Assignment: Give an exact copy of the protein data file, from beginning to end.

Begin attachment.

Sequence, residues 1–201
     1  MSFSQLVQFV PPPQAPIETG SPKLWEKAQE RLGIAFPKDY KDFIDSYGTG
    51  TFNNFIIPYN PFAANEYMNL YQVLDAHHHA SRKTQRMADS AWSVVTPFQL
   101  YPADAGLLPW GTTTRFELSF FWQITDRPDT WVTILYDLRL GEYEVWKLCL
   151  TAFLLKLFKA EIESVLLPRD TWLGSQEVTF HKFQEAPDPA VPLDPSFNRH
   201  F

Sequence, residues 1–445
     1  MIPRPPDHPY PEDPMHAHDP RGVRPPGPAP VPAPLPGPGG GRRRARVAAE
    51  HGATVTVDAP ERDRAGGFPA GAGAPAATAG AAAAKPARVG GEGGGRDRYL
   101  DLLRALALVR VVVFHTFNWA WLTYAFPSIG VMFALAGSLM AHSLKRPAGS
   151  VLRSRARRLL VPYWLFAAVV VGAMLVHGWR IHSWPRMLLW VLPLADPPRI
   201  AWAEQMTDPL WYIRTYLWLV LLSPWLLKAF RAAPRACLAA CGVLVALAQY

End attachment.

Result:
Sequence, residues 1–201
     1  MSFSQLVQFV PPPQAPIETG SPKLWEKAQE RLGIAFPKDY KDFIDSYGTG
    51  TFNNFIIPYN PFAANEYMNL YQVLDAHHHA SRKTQRMADS AWSVVTPFQL
   101  YPADAGLLPW GTTTRFELSF FWQITDRPDT WVTILYDLRL GEYEVWKLCL
   151  TAFLLKLFKA EIESVLLPRD TWLGSQEVTF HKFQEAPDPA VPLDPSFNRH
   201  F

Sequence, residues 1–445
     1  MIPRPPDHPY PEDPMHAHDP RGVRPPGPAP VPAPLPGPGG GRRRARVAAE
    51  HGATVTVDAP ERDRAGGFPA GAGAPAATAG AAAAKPARVG GEGGGRDRYL
   101  DLLRALALVR VVVFHTFNWA WLTYAFPSIG VMFALAGSLM AHSLKRPAGS
   151  VLRSRARRLL VPYWLFAAVV VGAMLVHGWR IHSWPRMLLW VLPLADPPRI
   201  AWAEQMTDPL WYIRTYLWLV LLSPWLLKAF RAAPRACLAA CGVLVALAQY